Despite the wider problems currently faced by the development industry in Northern Ireland, the renewables sector is growing steadily and is unrecognisable compared to 10 or even five years ago. Ambitious government targets and generous subsidies have certainly helped to focus minds.
That said, given that the vast majority of current energy consumption in Northern Ireland still comes from fossil fuels, there remains some considerable way to go. Does the political will exist in Northern Ireland to promote further growth in the renewables industry? More pertinently, what reforms are needed in the planning system in order to facilitate such continued growth and expansion?
Political support at Stormont
There has been much speculation in the national press that the political tide may be turning against renewable energy at Westminster, with onshore wind in particular suffering a decrease in support following DECC’s recent ROC banding review.
However, the message from Stormont appears to be somewhat different. Northern Ireland’s Enterprise Minister Arlene Foster has set a very ambitious target of 40 per cent of electricity consumption from renewable energy sources by 2020. The Environment Minister, Alex Attwood, is keen to ensure that planning policy and decision-making is fit for purpose and geared to support the renewables sector. Attwood often cites the model adopted by the Scottish Government as a template which Northern Ireland should strive to emulate. Northern Ireland currently has 21 planning policy statements and several more in draft form whilst Scotland, and more recently England, have managed to bring the entirety of their planning policies together in one document. If Northern Ireland eventually decides to follow suit, there are certain policies in particular on which renewable energy developers would welcome clarification.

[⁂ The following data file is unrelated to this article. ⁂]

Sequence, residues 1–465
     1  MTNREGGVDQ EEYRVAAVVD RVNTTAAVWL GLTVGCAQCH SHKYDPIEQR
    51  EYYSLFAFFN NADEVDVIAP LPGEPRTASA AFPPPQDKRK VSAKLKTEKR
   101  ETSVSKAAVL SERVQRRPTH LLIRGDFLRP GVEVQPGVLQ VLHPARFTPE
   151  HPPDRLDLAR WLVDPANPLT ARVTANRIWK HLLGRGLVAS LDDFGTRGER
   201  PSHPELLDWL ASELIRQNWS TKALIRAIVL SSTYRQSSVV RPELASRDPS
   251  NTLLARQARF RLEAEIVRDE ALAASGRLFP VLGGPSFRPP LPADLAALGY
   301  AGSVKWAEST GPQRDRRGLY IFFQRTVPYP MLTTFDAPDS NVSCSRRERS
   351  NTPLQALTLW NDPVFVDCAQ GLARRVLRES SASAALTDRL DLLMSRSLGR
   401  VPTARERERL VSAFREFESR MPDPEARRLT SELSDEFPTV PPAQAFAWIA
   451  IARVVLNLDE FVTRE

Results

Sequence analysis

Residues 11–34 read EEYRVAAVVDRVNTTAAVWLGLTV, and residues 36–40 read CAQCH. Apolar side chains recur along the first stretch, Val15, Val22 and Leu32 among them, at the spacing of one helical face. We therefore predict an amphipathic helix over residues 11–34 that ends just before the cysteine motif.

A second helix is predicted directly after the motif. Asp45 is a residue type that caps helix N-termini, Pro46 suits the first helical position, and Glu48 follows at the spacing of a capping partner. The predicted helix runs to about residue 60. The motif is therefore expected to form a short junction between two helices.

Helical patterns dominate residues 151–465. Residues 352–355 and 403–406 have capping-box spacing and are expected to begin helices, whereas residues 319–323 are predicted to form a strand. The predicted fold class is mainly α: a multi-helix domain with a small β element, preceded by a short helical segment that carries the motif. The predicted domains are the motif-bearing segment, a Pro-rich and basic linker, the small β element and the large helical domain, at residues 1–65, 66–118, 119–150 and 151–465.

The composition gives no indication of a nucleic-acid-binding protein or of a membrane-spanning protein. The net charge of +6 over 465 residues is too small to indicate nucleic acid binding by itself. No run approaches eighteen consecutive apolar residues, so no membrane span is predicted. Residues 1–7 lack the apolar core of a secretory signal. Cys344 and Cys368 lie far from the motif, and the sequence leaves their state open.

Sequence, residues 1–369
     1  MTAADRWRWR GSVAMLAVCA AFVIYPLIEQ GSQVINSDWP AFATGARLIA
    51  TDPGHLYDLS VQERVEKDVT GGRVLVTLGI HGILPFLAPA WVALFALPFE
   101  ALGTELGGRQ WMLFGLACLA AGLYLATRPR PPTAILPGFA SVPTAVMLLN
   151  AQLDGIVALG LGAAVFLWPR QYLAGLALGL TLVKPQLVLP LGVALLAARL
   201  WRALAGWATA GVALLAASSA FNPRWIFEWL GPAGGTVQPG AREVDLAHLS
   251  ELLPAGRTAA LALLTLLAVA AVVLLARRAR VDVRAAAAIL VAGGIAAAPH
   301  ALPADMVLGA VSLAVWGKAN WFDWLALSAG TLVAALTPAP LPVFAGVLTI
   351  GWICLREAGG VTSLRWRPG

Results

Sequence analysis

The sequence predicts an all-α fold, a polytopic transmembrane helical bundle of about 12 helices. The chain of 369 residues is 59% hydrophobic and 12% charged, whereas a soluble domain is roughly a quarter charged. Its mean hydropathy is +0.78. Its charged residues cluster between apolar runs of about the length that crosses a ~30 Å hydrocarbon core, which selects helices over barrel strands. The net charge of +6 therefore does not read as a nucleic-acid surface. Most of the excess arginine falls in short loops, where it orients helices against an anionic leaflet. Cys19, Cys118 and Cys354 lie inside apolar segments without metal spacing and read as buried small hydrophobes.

PPS18 – Active Peatland
Developers in Northern Ireland’s renewable energy sector have long grappled with the ambiguities in Planning Policy Statement 18. In addition to issues of visual amenity, another issue that causes considerable headache is the provision in PPS18 that “any development on active peatland will not be permitted unless there are imperative reasons of overriding public interest”.
An NIEA Advice Note dated 13 January 2012 sits behind this planning policy and provides further guidance on what constitutes active as opposed to inactive peatland, appropriate survey methodology and the position in respect of temporarily inactive peatland. The Advice Note may soon be updated and although stated to be merely an internal reference document to guide developers and NIEA staff, the importance now being placed on this Advice Note has resulted in considerable speculation as to its status.
It is certainly not held out by DoE as planning policy or supplementary planning guidance but could it constitute a material planning consideration? The answer is probably yes, given its relevance to land use planning. However, the absence of official consultation in the preparation of the NIEA Advice Note suggests that the weight given to it as a material consideration must surely be low when considered against the various other factors that make up the overall planning balance.
The correct weight given to the expression of opinion in the Advice Note may ultimately depend on how evidentially justified its contents can be demonstrated to be when examined under the microscope of a public inquiry or judicial review.
Clarification on the status of the NIEA Advice Note is long overdue but the confusion could be resolved by having it officially adopted as Supplementary Planning Guidance. The issue will perhaps not finally be put to bed until tested in a judicial review. In the meantime, there is a risk that planners giving the Advice Note unjustified weight might lead to a successful challenge in the courts on grounds of unreasonableness.
For more information contact:
Peter Purvis, Pinsent Masons LLP
Tel: +44(0) 28 9089 4899